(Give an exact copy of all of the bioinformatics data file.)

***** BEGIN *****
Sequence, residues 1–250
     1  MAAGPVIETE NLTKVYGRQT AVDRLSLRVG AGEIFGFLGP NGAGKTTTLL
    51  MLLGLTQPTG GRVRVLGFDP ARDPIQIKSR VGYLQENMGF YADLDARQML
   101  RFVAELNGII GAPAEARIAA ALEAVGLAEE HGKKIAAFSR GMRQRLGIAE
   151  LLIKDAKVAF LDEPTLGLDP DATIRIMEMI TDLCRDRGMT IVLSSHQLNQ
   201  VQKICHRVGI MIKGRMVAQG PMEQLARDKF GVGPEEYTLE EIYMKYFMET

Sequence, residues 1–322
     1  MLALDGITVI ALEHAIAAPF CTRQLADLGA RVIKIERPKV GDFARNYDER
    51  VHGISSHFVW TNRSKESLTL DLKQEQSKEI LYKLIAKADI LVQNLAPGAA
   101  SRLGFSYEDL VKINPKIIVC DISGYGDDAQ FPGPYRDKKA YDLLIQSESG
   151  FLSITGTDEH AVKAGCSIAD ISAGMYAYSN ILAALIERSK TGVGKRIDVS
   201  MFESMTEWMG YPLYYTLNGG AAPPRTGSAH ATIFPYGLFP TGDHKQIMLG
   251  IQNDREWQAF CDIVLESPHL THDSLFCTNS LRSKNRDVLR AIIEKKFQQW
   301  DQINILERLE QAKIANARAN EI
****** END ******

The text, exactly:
Sequence, residues 1–250
     1  MAAGPVIETE NLTKVYGRQT AVDRLSLRVG AGEIFGFLGP NGAGKTTTLL
    51  MLLGLTQPTG GRVRVLGFDP ARDPIQIKSR VGYLQENMGF YADLDARQML
   101  RFVAELNGII GAPAEARIAA ALEAVGLAEE HGKKIAAFSR GMRQRLGIAE
   151  LLIKDAKVAF LDEPTLGLDP DATIRIMEMI TDLCRDRGMT IVLSSHQLNQ
   201  VQKICHRVGI MIKGRMVAQG PMEQLARDKF GVGPEEYTLE EIYMKYFMET

Sequence, residues 1–322
     1  MLALDGITVI ALEHAIAAPF CTRQLADLGA RVIKIERPKV GDFARNYDER
    51  VHGISSHFVW TNRSKESLTL DLKQEQSKEI LYKLIAKADI LVQNLAPGAA
   101  SRLGFSYEDL VKINPKIIVC DISGYGDDAQ FPGPYRDKKA YDLLIQSESG
   151  FLSITGTDEH AVKAGCSIAD ISAGMYAYSN ILAALIERSK TGVGKRIDVS
   201  MFESMTEWMG YPLYYTLNGG AAPPRTGSAH ATIFPYGLFP TGDHKQIMLG
   251  IQNDREWQAF CDIVLESPHL THDSLFCTNS LRSKNRDVLR AIIEKKFQQW
   301  DQINILERLE QAKIANARAN EI